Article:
Checklist of Pitfalls for Opening Statement

Don’t ruin your opening by stumbling into these pitfalls. Avoid:

 Preramble: “My name is . . . and I represent;” “As His Honor has told you everything we say in opening statement is not evidence . . .;” “First, I want to thanks you for your jury service because. . .;” “I want to apologize for . . .”
 “I believe . . .” Rule of Professional Responsibility 3.4(e)
 “Mr. X will testify that . . . Ms. Y will testify that . . . Then, Mr. Z will testify that . . .” An endless list of witnesses and what they will testify to. Rather, tell the story of the case.
 Past tense – “Jane saw.” Bring the story alive for the jurors with the present tense – “Jane sees.” Let them be eyewitnesses to what happened.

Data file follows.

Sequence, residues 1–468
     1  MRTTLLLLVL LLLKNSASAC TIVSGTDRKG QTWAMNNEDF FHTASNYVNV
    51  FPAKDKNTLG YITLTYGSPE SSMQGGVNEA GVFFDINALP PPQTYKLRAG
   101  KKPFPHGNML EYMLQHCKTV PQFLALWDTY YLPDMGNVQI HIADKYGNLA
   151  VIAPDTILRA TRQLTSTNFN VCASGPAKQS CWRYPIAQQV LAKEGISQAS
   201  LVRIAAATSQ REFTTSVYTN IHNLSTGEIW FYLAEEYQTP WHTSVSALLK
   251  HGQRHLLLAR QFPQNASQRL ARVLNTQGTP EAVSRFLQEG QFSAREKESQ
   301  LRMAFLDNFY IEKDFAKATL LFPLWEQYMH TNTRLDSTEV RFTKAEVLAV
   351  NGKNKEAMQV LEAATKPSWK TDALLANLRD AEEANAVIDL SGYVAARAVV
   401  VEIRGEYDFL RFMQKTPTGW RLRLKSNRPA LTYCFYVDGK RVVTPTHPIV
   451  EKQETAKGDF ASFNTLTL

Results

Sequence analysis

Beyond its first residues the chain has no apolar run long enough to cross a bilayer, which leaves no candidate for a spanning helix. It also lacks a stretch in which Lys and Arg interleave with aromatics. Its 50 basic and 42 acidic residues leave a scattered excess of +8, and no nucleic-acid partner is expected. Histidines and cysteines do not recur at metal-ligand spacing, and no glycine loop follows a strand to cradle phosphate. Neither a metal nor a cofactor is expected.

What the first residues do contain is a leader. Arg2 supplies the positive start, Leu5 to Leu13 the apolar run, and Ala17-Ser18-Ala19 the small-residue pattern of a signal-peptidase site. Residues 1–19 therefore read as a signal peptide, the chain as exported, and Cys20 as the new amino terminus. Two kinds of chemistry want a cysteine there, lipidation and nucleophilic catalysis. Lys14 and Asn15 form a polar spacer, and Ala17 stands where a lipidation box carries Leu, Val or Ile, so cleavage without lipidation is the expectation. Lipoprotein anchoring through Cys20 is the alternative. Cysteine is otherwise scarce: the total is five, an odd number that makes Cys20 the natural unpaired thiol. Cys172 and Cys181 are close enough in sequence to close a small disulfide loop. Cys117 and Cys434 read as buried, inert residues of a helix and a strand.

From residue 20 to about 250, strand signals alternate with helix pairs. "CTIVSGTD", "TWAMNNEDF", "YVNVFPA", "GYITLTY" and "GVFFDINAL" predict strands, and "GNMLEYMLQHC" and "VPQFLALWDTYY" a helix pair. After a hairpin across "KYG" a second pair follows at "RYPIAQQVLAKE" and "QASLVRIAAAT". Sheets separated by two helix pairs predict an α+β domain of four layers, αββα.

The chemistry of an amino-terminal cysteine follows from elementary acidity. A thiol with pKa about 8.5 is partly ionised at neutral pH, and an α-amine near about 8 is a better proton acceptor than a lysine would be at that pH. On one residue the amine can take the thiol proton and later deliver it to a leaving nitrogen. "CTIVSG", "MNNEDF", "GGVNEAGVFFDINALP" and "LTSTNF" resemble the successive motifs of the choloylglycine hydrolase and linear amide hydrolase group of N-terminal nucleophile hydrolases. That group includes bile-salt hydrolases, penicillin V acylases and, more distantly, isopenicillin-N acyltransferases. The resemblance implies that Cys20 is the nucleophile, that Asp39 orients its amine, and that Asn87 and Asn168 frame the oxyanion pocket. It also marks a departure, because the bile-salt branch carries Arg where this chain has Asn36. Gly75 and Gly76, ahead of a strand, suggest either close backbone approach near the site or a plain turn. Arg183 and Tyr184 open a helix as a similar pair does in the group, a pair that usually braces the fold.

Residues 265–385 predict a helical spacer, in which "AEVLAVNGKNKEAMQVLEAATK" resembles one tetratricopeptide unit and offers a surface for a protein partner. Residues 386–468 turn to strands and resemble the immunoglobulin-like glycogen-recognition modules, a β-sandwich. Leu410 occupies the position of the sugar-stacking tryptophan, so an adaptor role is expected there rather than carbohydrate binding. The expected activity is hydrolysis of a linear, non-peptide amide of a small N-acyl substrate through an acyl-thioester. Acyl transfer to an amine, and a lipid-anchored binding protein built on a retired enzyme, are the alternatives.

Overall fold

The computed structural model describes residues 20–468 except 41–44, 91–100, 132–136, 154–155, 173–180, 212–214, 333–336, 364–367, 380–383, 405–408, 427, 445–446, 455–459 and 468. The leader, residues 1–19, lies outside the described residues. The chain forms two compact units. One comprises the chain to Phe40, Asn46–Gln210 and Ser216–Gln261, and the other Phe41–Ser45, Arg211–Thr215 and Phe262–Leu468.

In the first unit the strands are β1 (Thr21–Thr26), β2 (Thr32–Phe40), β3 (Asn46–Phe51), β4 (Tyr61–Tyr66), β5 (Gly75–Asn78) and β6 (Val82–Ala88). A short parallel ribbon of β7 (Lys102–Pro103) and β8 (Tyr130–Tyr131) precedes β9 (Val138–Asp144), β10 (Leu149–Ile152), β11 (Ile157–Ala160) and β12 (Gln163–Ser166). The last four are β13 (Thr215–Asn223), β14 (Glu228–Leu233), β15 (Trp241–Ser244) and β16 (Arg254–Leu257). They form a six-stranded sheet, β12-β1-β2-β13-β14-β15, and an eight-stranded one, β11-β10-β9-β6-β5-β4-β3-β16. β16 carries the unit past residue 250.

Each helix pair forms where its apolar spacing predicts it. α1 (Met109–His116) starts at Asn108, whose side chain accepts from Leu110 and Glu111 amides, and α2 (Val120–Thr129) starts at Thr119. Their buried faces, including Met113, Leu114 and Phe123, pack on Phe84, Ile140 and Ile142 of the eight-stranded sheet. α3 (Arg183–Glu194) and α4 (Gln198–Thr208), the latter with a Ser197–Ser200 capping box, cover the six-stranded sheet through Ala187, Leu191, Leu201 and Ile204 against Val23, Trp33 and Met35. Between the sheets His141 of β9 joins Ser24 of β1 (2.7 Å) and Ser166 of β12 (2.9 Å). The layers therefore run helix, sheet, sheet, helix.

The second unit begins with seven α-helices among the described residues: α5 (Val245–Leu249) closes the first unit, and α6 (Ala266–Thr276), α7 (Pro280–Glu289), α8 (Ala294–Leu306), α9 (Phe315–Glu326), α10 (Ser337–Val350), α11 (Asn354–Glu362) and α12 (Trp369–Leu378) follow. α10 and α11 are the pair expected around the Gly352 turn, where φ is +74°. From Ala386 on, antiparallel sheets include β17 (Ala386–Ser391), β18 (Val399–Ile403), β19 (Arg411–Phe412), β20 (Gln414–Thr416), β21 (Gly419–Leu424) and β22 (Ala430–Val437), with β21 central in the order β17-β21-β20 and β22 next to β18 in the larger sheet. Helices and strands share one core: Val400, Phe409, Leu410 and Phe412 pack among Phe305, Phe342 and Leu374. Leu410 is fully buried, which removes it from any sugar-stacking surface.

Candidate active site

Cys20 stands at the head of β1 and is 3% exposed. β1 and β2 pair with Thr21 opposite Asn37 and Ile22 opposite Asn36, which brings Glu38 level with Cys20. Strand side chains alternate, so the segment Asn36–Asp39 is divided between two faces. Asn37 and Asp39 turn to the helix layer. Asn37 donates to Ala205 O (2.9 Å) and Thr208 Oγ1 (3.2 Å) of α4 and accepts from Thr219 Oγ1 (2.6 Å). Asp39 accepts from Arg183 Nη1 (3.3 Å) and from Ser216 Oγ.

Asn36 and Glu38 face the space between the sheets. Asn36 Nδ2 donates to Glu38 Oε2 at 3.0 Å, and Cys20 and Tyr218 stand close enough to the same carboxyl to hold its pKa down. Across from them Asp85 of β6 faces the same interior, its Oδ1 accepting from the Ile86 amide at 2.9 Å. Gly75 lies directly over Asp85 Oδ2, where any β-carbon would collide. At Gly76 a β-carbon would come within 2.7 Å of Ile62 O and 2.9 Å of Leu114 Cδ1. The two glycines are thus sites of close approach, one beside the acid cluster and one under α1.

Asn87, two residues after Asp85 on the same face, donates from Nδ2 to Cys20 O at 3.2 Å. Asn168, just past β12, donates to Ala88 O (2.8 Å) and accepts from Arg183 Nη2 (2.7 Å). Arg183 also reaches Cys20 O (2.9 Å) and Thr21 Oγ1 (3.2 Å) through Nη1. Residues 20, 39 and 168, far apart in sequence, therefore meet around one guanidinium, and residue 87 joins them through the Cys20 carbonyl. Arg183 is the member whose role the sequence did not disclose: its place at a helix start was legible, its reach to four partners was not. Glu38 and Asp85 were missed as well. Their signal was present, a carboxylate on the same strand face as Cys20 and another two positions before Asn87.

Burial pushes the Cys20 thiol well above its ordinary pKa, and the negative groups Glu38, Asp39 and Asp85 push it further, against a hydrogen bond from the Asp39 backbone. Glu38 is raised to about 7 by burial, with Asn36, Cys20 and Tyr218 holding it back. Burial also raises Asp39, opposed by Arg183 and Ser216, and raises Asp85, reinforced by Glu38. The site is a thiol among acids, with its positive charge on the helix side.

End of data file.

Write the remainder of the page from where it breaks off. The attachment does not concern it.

 “This is a complex case.” “This case is simple.”
 A podium unless the court requires otherwise. It’s conversational, not a lecture.
 Losing eye contact. Reading.
 A disconnect between the nature of the case and demeanor, such as anger in a forgery case.
 Just saying it. Visuals will bring the opening to life – tell and show.
 Trying to be someone you’re not.
 Not revealing an admissible weakness in your case.
 Mentioning inadmissible evidence (particularly if the judge has already excluded it as the prosecutor did in the Roger Clemens case) or evidence that may be excluded
 Going on too long.
 A case you don’t believe in – insincerity will show.
 Being themeless.
 Overpromising what the evidence will show or overstating the case.
 Misstating the evidence.
 Too many details.
 A weak beginning.
 A weak conclusion.
 Being boring.